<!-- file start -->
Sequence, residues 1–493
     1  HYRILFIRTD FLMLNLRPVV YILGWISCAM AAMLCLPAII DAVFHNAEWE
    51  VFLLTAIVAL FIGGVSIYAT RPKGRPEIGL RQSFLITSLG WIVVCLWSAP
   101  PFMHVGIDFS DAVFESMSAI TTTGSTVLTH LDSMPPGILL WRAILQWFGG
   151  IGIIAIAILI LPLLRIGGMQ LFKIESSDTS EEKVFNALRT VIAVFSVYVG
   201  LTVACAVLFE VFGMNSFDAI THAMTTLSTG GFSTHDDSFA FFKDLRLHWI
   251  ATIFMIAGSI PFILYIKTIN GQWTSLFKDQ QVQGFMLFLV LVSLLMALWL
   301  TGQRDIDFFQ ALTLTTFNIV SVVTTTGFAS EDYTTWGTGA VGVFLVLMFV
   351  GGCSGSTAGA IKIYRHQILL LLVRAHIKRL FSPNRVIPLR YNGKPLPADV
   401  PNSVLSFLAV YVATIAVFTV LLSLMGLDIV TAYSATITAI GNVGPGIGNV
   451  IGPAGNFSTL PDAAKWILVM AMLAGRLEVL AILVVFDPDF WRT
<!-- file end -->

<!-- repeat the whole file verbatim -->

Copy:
Sequence, residues 1–493
     1  HYRILFIRTD FLMLNLRPVV YILGWISCAM AAMLCLPAII DAVFHNAEWE
    51  VFLLTAIVAL FIGGVSIYAT RPKGRPEIGL RQSFLITSLG WIVVCLWSAP
   101  PFMHVGIDFS DAVFESMSAI TTTGSTVLTH LDSMPPGILL WRAILQWFGG
   151  IGIIAIAILI LPLLRIGGMQ LFKIESSDTS EEKVFNALRT VIAVFSVYVG
   201  LTVACAVLFE VFGMNSFDAI THAMTTLSTG GFSTHDDSFA FFKDLRLHWI
   251  ATIFMIAGSI PFILYIKTIN GQWTSLFKDQ QVQGFMLFLV LVSLLMALWL
   301  TGQRDIDFFQ ALTLTTFNIV SVVTTTGFAS EDYTTWGTGA VGVFLVLMFV
   351  GGCSGSTAGA IKIYRHQILL LLVRAHIKRL FSPNRVIPLR YNGKPLPADV
   401  PNSVLSFLAV YVATIAVFTV LLSLMGLDIV TAYSATITAI GNVGPGIGNV
   451  IGPAGNFSTL PDAAKWILVM AMLAGRLEVL AILVVFDPDF WRT